Today, the Eagle Soars

NWF   |   June 28, 2007

Today marks an important moment in our nation’s conservation history and it’s one that conservationists everywhere will look back on with pride – on June 28, 2007, we officially removed the bald eagle from the nation’s list of threatened or endangered species.

Our senior science advisor Doug Inkley said it best in an interview with Reuters the other day: "This is a man-on-the-moon moment for wildlife."

We nearly lost the bald eagle – our nation’s symbol, for Pete’s sake – to DDT and major habitat loss that pushed it to the brink of extinction in the lower 48 states 40 years ago. But thanks to a ban on this nasty chemical, the Endangered Species Act – a law to protect wildlife from extinction, and the countless numbers of dedicated conservationists who worked tirelessly over the last four decades to see that the eagle recovered, the eagle has been saved. Rachel Carson’s early leadership proves the point that one person with vision and determination can still make a difference.

From just 417 breeding pairs in the lower 48 states in the late 1960s to more than 9,000 today, we’ve proven that the Endangered Species Act works and that protecting wildlife is as American an endeavor as there ever was.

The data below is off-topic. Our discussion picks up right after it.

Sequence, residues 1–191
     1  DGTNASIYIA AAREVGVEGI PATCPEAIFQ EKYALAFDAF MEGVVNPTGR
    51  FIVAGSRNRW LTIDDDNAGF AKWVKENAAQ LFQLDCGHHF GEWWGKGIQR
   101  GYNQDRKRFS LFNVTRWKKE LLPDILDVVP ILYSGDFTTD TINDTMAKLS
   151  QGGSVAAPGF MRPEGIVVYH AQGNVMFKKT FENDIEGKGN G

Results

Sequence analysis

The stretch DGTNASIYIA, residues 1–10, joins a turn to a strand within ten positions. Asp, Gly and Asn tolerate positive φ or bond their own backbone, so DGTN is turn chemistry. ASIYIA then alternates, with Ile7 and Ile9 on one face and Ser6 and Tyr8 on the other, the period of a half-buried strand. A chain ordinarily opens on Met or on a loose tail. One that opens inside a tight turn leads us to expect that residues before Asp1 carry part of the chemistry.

Jim Lyon, our senior vice president for conservation, represented NWF at the announcement this morning with Interior Secretary Dirk Kempthorne at the Jefferson Memorial. President Jefferson, a passionate conservationist, would be proud to know that America had the good sense to protect the nation’s symbol and scores of other wildlife species from extinction.

While we need to celebrate this victory for wildlife, I can’t ignore the larger threat that is looming: global warming. DDT pales in comparison with the threat that global warming poses to wildlife and people everywhere. If we don’t tackle it head-on and immediately, the hard-fought conservation efforts of the last century could very well be lost by a rapidly warming climate that will become the leading cause of species extinction.

What does this tell me? That the fight is only just beginning. But it’s good to stop for a moment and appreciate the good news and hard fought success of the bald eagle that shows us what we’re made of. If we can bring the bald eagle back from the brink of extinction, we can tackle any threat to wildlife that comes our way.

Published: June 28, 2007